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American Institute of Building Design (AIBD)

At least your project isn't a big uninspiring stump [Midweek Vibe]

Published about 2 months ago • 1 min read

On this day in 1885, the world’s tallest obelisk was dedicated.

This day had been a long time coming–surprisingly so, considering that a monument dedicated to the first US president seems like a no-brainer, and a desire for one certainly had a lengthy history.

Calls for such a monument dated to the late eighteenth century and revved up after Washington’s death in 1799. But it took until the mid-1830s for a competition to be launched.

Robert Mills, who made a career out of big public buildings in places like Washington, was named the winner. As a designer, he mostly favored the Greek style (as you can see from this in Charleston) and had some experience with monuments (as you can see from this in Baltimore) and also had a thing for Egypt (as you will see in a moment).

Mills’ initial design proposed an Egyptian obelisk, taller than any the Egyptians ever built, that would be surrounded by a Classical colonnade surmounted by a quadriga, with Washington taking the reins in this Roman equestrian type.

But the late 1830s were not a good time to build fancy monuments, what with the giant Panic and Depression and everything. In 1848, the cornerstone was finally laid, but then there were all sorts of political troubles getting in the way of architectural projects.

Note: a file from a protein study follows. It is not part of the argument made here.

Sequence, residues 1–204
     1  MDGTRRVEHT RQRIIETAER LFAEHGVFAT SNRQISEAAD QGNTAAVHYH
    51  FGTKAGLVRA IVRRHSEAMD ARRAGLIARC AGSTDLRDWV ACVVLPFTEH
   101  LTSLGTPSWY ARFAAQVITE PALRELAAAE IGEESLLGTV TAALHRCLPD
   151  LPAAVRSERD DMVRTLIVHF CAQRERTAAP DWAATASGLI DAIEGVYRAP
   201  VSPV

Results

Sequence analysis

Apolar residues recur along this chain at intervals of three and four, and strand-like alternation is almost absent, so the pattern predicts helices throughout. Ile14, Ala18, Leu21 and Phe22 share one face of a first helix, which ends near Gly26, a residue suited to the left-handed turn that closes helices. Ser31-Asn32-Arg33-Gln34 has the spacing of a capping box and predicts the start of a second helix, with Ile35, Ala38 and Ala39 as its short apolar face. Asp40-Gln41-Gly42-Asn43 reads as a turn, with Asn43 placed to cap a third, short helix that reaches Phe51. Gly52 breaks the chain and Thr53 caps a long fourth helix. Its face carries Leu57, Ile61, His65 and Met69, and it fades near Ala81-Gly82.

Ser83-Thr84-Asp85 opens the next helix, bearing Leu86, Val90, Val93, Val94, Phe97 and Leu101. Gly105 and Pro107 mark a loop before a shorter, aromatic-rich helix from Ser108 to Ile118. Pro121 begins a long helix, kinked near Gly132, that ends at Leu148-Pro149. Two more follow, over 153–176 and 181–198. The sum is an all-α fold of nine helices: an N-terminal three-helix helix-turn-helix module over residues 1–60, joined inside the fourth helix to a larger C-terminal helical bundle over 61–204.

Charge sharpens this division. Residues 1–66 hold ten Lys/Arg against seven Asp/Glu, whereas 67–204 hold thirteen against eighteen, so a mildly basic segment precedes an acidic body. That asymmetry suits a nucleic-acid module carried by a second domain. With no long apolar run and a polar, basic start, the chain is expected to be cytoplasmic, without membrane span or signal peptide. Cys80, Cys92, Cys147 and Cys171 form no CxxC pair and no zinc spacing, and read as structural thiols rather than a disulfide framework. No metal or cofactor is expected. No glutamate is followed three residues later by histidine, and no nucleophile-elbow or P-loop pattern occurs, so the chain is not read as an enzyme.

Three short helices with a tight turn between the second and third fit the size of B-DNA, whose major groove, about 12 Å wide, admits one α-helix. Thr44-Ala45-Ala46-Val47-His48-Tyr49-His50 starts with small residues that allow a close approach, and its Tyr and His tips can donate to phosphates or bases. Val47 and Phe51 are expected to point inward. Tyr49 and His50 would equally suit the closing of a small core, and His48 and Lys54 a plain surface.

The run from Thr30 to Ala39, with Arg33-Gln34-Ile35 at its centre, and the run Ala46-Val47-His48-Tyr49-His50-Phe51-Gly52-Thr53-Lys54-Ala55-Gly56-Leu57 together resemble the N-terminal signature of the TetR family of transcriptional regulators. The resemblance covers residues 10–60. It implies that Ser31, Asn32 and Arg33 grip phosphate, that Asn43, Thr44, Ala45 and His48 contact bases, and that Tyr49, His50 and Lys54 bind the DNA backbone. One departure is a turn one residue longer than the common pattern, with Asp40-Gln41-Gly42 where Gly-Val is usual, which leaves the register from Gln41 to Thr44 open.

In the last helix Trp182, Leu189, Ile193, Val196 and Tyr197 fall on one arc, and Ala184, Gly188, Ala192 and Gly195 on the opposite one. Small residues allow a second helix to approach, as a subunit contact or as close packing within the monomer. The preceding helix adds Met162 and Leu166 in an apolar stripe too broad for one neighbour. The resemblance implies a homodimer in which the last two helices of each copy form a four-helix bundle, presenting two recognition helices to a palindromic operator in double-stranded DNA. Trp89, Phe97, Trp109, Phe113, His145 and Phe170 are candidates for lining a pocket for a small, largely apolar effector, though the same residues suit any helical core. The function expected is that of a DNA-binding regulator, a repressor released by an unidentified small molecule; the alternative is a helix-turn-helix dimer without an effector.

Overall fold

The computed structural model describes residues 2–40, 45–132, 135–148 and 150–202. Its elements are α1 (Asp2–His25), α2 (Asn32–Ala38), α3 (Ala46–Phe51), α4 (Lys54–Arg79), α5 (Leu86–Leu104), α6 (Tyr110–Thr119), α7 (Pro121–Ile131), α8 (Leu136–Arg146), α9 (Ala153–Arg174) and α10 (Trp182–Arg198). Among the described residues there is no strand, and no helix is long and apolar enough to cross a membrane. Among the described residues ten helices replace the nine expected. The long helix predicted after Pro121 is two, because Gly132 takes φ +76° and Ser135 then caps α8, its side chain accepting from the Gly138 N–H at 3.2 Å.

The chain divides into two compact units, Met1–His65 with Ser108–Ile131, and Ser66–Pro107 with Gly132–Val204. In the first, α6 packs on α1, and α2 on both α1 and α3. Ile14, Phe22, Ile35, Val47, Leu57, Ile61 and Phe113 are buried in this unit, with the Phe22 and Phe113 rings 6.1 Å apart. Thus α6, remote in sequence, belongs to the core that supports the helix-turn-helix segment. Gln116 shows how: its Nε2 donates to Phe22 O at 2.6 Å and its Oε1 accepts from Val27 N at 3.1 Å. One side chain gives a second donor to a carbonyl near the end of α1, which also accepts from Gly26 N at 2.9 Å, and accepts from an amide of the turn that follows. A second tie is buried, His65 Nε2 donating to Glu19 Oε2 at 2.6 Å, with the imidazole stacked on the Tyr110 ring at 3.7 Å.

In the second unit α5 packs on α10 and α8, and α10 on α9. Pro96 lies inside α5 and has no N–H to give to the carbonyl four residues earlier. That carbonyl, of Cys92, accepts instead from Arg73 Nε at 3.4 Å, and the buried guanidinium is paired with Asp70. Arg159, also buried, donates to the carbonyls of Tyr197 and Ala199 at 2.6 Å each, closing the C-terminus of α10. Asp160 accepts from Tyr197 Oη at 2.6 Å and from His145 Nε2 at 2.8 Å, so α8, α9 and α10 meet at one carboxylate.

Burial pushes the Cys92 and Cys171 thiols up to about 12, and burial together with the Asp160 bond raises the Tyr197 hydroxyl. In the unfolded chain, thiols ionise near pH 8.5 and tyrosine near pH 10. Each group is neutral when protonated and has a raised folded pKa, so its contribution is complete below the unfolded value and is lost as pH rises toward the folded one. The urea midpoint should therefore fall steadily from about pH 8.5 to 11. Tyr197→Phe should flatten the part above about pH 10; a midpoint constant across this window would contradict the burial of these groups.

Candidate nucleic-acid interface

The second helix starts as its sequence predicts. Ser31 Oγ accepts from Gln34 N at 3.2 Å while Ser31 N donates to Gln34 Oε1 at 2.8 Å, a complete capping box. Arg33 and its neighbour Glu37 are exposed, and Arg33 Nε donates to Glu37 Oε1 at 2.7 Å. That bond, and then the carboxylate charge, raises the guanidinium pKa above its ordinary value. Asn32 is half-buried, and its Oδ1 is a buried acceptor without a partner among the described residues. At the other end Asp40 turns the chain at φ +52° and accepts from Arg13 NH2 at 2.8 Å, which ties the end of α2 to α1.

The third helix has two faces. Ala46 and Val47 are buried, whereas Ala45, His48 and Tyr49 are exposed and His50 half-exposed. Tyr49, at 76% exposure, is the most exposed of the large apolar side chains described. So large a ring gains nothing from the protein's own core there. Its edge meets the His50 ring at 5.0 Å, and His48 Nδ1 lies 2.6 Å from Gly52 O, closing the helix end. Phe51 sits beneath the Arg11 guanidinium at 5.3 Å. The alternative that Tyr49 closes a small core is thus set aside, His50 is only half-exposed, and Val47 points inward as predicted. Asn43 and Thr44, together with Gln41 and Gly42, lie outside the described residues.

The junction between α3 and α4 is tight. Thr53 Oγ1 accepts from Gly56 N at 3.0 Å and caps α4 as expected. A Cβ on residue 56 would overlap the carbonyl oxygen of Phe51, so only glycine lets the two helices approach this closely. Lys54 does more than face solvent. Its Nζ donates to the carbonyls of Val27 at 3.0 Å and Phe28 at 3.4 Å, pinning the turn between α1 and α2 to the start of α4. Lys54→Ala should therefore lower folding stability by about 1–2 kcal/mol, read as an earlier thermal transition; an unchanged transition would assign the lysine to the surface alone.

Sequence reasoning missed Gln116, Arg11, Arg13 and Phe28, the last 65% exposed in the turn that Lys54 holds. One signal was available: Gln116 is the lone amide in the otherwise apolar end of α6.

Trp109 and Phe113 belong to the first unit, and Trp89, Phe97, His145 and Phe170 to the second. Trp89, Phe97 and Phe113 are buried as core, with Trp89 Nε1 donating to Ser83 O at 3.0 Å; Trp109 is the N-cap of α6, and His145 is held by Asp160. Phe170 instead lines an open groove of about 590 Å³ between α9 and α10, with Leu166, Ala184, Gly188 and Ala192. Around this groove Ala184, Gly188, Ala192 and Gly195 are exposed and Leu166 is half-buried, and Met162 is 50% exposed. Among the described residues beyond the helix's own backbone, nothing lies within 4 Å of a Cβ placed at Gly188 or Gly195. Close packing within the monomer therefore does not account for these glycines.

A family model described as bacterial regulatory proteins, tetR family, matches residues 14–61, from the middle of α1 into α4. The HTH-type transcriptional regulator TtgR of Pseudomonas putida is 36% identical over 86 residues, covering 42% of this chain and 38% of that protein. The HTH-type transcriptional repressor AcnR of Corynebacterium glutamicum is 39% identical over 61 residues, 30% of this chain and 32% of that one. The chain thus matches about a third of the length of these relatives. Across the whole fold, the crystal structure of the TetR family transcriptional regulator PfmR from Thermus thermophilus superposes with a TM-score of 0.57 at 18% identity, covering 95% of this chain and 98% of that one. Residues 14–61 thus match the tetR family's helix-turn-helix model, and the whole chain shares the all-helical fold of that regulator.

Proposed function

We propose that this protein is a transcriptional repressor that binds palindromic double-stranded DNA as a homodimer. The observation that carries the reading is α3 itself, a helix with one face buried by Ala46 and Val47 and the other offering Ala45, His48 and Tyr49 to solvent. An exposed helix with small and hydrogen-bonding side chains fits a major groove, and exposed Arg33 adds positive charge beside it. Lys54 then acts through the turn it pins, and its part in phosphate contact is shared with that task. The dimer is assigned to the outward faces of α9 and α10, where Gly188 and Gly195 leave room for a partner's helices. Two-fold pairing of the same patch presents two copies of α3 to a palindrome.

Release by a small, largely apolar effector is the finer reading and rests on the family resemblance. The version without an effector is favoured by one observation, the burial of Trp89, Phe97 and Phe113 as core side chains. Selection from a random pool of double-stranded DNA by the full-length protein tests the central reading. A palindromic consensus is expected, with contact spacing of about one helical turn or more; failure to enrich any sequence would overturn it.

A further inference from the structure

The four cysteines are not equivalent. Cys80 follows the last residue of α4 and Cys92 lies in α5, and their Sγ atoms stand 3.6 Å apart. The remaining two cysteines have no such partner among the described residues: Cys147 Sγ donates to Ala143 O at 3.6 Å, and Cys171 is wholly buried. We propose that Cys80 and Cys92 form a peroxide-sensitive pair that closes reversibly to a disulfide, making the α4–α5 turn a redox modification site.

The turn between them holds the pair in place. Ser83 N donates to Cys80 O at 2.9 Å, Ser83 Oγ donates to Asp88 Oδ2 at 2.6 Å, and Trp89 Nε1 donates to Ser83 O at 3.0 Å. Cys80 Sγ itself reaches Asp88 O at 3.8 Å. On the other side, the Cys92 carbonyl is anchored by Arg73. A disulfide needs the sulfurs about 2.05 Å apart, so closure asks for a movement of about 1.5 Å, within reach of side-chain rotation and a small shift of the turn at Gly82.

Construction was suspended in 1854 after the monument reached a height of 150 feet. In addition to the war breaking out, there were more financial problems and political shenanigans, and the project just pooped out until well after the Civil War.

In 1876, construction finally got going in earnest again, and Mills’ Roman colonnade was dropped, the top of the obelisk made more pointy, and the monument finished with the topping-out at the ultimate height of just under 554 feet.

It was the tallest structure in the universe until the opening of the Eiffel Tower (no contest, mes amis: it’s 508 feet taller) in the following year.

Our point is that great works take time. While it's natural to want to see your greatest projects come to fruition within your lifetime, remember that for over two decades, visitors to the capital city saw not a monument but a big, uninspiring stump, and Mills died in 1855, wondering if it would never be finished.

Be ready to adapt your plans according to changing circumstances. This flexibility can help ensure the success of your projects.

Cultivate a strong team that shares your vision. Make sure your ideas and intentions are clearly documented. This will ensure that your project continues in the right direction, in the event you're not there to oversee it.

The true value of architectural works lies not just in their completion, but in the inspiration they provide and the legacy they leave behind. So, keep dreaming, keep designing, and remember that your work can make an impact far beyond your own lifetime.

-The A-Team

American Institute of Building Design (AIBD)

The American Institute of Building Design (AIBD) is a professional association that promotes the highest standards of excellence in residential building design. AIBD offers a variety of resources to its members, including continuing education, networking opportunities, and marketing assistance. AIBD is a valuable resource for anyone interested in a career in residential building design. If you want to improve your skills, network with other professionals, and stay up-to-date on the latest trends, AIBD is the perfect organization for you.

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